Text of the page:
As writers, we are bombarded with advice on what to do with our blogs, and why we should start one if we don’t have one. What this advice always boils down to is how to monetize our blogs, how to become rich on our blogs, as if that is a blog’s only purpose. I went into the project of writing one blog post a week influenced by this advice.

As writers, we are bombarded with advice on what to do with our blogs, and why we should start one if we don’t have one. What this advice always boils down to is how to monetize our blogs, how to become rich on our blogs, as if that is a blog’s only purpose. I went into the project of writing one blog post a week influenced by this advice.

However, sometime during the spring, I realized that I don’t care about the money when it comes to The Boomerang. (Don’t get me wrong. I do care about money when it comes to freelance writing, but I don’t work for free for anyone else but myself.) Nor do I care about the number of views on each post.

Once I realized this, I added a new catch phrase to the blog banner. In addition to “Understand History, Understand the World,” the banner now says “Thinking Out Loud with Erika Harlitz-Kern, PhD and Historian-at-Large.” Because that is what I do, and that is what I am. By expressing my thoughts out loud in writing for anyone in the world to read (according to the Stats and Insights, readers of The Boomerang really do live all over the world), I found my voice; I found a way to write even when my mind is blank; and I found a way to wiggle myself out of the corners I sometimes write myself into.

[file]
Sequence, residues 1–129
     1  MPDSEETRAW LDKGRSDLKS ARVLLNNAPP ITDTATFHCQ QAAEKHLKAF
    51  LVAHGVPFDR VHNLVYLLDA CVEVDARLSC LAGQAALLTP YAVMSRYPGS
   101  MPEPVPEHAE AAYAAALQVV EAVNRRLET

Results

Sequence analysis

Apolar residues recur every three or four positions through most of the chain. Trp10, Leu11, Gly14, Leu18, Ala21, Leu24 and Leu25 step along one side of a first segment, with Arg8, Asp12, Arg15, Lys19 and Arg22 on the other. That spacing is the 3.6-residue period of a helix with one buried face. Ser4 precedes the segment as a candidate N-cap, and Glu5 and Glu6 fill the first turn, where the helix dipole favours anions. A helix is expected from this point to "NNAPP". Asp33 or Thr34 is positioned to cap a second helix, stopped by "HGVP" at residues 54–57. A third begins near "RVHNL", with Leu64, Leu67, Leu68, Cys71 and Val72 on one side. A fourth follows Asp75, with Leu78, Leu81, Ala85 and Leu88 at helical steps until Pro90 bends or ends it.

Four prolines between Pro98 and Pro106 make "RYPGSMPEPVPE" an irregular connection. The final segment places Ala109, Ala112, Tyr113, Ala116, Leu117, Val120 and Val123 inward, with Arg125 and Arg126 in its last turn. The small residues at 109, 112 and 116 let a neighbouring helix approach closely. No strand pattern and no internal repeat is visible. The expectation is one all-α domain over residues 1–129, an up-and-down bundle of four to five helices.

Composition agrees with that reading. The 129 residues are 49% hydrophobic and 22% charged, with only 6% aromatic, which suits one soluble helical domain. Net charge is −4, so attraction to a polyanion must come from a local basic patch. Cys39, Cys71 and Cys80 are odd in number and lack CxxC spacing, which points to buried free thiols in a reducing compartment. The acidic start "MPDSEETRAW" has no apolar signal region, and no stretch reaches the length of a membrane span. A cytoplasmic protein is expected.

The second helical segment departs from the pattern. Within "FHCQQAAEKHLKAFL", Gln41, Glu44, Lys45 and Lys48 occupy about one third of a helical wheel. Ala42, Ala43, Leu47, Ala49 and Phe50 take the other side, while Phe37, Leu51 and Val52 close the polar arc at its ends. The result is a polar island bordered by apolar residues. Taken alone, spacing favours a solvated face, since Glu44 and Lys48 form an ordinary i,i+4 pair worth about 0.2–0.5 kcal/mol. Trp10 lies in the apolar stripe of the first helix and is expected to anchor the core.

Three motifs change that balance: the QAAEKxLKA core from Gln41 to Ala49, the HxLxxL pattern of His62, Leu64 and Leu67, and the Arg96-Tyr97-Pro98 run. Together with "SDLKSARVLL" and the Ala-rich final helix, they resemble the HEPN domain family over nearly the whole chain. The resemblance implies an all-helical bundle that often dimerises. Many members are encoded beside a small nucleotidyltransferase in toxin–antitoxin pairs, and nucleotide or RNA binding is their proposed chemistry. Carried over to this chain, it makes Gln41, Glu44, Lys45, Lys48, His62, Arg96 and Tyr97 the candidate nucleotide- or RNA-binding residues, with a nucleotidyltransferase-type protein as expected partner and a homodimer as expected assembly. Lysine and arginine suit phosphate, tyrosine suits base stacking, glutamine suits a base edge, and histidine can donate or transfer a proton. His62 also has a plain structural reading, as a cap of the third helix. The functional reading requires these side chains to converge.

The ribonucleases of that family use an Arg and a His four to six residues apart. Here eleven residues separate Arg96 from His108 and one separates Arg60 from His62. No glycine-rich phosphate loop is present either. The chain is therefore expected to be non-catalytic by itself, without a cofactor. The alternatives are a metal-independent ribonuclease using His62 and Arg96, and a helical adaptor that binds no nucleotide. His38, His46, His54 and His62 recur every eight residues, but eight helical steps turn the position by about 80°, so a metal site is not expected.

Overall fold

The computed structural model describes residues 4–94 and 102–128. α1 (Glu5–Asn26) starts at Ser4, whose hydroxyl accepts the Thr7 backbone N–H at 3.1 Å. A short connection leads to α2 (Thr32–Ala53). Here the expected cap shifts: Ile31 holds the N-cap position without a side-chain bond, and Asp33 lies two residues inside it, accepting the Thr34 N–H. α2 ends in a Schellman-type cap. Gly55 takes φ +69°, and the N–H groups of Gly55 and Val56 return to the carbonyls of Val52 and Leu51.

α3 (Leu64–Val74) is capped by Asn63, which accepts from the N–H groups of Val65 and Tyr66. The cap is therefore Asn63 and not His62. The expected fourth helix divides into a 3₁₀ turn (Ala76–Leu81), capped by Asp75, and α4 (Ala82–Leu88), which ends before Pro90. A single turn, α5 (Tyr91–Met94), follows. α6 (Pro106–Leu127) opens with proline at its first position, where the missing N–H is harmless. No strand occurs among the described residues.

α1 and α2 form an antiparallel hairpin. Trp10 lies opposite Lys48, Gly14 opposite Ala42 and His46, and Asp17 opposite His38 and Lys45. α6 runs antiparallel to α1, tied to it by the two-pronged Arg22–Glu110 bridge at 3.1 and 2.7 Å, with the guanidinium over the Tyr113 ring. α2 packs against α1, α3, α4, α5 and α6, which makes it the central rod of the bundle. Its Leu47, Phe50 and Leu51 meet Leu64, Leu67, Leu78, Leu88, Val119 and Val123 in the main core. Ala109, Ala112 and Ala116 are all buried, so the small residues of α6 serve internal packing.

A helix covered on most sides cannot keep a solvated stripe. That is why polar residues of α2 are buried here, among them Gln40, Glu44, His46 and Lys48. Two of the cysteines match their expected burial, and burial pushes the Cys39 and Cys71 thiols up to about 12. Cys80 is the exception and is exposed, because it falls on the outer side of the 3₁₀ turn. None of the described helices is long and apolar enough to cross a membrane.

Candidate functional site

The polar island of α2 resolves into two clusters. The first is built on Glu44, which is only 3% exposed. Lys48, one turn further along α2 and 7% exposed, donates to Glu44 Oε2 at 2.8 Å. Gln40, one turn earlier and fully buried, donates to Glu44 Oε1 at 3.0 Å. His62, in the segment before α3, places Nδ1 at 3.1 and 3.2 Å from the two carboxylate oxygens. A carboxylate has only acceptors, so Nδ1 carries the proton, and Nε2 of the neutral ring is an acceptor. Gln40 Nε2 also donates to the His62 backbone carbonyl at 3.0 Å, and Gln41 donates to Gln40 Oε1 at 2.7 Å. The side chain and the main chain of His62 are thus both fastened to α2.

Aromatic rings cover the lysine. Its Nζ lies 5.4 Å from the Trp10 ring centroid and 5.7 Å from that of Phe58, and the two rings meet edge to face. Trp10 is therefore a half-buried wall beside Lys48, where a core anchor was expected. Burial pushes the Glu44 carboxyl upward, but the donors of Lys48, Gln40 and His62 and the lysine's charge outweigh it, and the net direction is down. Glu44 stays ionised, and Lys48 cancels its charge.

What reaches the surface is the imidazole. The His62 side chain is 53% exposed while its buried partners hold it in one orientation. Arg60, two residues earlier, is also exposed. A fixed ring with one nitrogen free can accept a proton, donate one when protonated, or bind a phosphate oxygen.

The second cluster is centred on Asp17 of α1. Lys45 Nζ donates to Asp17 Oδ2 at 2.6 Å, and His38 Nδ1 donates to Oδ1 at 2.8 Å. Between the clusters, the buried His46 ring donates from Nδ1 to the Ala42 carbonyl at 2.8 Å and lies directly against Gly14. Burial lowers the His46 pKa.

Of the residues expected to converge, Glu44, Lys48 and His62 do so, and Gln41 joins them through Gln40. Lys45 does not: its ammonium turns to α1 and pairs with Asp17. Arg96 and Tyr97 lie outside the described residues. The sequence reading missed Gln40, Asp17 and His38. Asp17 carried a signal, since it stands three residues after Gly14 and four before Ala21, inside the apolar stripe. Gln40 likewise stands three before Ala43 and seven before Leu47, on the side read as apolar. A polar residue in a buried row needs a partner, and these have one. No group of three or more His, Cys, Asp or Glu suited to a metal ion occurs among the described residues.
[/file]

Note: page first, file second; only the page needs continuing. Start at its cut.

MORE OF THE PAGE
To summarize, I write this blog for me. Here is where I express my thoughts the way I want to express them. It is only when we write for no one else but ourselves that we develop our voice. Because when we write for ourselves, we set the rules, we set the tone, we decide the parameters.

The Boomerang will not make me rich, but it is making me a better writer. And isn’t that what we all really strive for?

In the words of my friend, the Australian, I shall return.

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Apples, Oranges, and Totalitarian Eugenics. A Review of Yuval Noah Harari’s HOMO DEUS

What does it mean to present something new? What does it mean when someone is appointed the spokesperson of an age?

Does it mean that the anointed one is saying something that has never been said before? Or, does it mean that what is being said is the same old stuff but in new packaging and those who believe in the status quo lap it up as further validation of their beliefs?

These are the questions that I ask myself after reading Yuval Noah Harari’s book Homo Deus. A Brief History of Tomorrow. At the back of the book, critics rave about Harari as a rod for the Zeitgeist and his uncanny ability to predict where human civilization is going. After finishing this book, I agree with none of that. If Harari is a rod for the Zeitgeist and able to predict where humanity is headed, we are in trouble.

Harari’s thesis in Homo Deus is that famine, plague, and war has prevented humanity from realizing its full potential, but now in the twenty-first century when these three are about to be eradicated, humanity will move on to pursue the goals of immortality, happiness, and divinity. The goal is to make ourselves immortal. To upgrade ourselves from Homo sapiens to Homo deus. We will achieve this upgrade through biomechanical engineering, that is through the indefinite postponement of death.